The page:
On July 13, two days into a 10-day residency for the University of Southern Maine’s Stonecoast Master of Fine Arts program, I scrawled a few lines in my journal before falling into bed in a stupor:
“My head is spinning, I’m exhausted, and I am in bliss.”
I assumed that my state of mind was due to my having reached an age where school and homework are mere shadows of the distant past. My mental musculature for lectures, class discussions and paper writing has atrophied after years of contented life as a cranial couch potato. No wonder these 13-hour days of continuous brain demand were freaking me out.
It was reassuring to discover that I was not alone. There is something transformative about Stonecoast at any age.
The 30 of us “firsties,” who started our two-year creative writing program in July, ranged in age from 22 to 50-something and came from all over the country. Virtually all of us found ourselves simultaneously exhilarated and intimidated by the challenges set before us. Second-, third- and fourth-semester students took us under their wing, nodding in remembered recognition of the thrilling shock of first semester. The sense of home they now feel as students in residence assured us of a more settled state to come.
We also met Stonecoast alumni. Already launched with their training behind them, they carry the beating heart of a new life that was born in them on the coast of Maine.
Stonecoast is one of Maine’s great gems, not least of all because so many Mainers are on the faculty, in the student body and in the writing world as graduates. They all have encountered the privilege, the passion and the promise of the Stonecoast experience.
“The Stone House,” a sprawling, pillared edifice of stone and wood, has stood watch over Casco Bay from the Wolf Neck peninsula for nearly 100 years. Formerly a private summer residence, the old house is now home to the Stonecoast program, which consistently earns a Top 10 spot on the list of low-residency writing programs nationwide.
“Low residency” means full-time school without year-round attendance. At Stonecoast, students attend intensive 10-day residencies in July and January of each year. During the interim months, they work independently in consultation with a mentor, turning in about 125 pages of work each semester.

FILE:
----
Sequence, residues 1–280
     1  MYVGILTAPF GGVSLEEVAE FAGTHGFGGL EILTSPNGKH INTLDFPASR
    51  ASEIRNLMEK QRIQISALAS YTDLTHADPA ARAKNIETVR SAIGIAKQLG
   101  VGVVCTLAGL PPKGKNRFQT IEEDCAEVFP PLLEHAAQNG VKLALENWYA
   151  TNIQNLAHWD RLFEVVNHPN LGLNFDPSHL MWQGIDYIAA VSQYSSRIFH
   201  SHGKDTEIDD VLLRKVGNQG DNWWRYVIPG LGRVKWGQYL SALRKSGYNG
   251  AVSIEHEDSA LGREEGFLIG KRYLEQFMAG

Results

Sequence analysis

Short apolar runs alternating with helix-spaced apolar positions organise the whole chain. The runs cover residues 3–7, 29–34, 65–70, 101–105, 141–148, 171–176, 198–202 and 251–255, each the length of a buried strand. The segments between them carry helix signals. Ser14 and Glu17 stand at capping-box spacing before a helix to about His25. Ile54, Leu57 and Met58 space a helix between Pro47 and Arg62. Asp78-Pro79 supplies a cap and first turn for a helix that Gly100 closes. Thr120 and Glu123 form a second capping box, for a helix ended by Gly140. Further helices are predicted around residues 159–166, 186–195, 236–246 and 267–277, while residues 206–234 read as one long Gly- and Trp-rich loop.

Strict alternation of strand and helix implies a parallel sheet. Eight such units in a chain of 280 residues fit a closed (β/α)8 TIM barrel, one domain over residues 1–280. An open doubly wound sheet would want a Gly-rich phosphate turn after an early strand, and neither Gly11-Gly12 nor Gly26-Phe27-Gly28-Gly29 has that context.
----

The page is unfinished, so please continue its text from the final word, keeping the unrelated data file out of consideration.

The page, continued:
I came to feel quite close to my class of “firsties,” in spite of our vast diversity of age and circumstance. Shared journeys transcend boundaries, especially when they include hardship and transformation.
Our days began after fitful nights — heads abuzz with processing the prior day, bodies glued to fans in our sweltering dorm rooms at Bowdoin College where we were housed. After breakfast in the dining hall at 7 a.m., we enjoyed a blissful half-hour of air-conditioning on the bus to the Stone House.
From 8:30 a.m. to 4:30 p.m. we attended academic presentations, engaged in deep analysis of our own and others’ manuscripts, wrote on-the-spot exercises and listened to readings. The bus returned us to town for a quick dinner before we made our way across campus for a full evening of more talks, readings and open mic events at the Inn at Brunswick Station.
What became clear as the days progressed was that Stonecoast students have more in common than meets the eye. Some of our commonality is innate, but a great deal of it is cultivated by the atmosphere of inclusion and encouragement built into the program.
Poet Annie Finch, director of Stonecoast, infuses every student with a powerful sense of purpose. Many would-be writers never find their voice because they feel self-conscious or self-indulgent. Annie helps them find it.
“You are writers,” she tells us, again and again.
Not only does she grant students permission to heed the inner voice that urges us to weave with words, she calls upon us to apply our craft toward a higher cause. By tapping our passion, she insists with fervent sincerity, writers can open up the hearts and minds of the world.
At the end of every residency, students who have completed four semesters take part in a graduation ceremony. Alexs Pate, New York Times best-selling author and Stonecoast faculty member, spoke at July’s graduation. He too called upon graduates to “engage, agitate, stimulate, and speculate” with their words.
“The world needs you,” he said.
It is a weighty charge. Delivered with confidence by a supportive new tribe of colleagues, however, it stirs the soul to action.
From outside my dorm room window one early morning, I overheard another firstie on his cellphone. His words still resonate:
“I’m over the moon about it. It’s gonna be a lot of work. I’m terrified, but it’s what I want to do.”
Robin Clifford Wood welcomes feedback at firstname.lastname@example.org.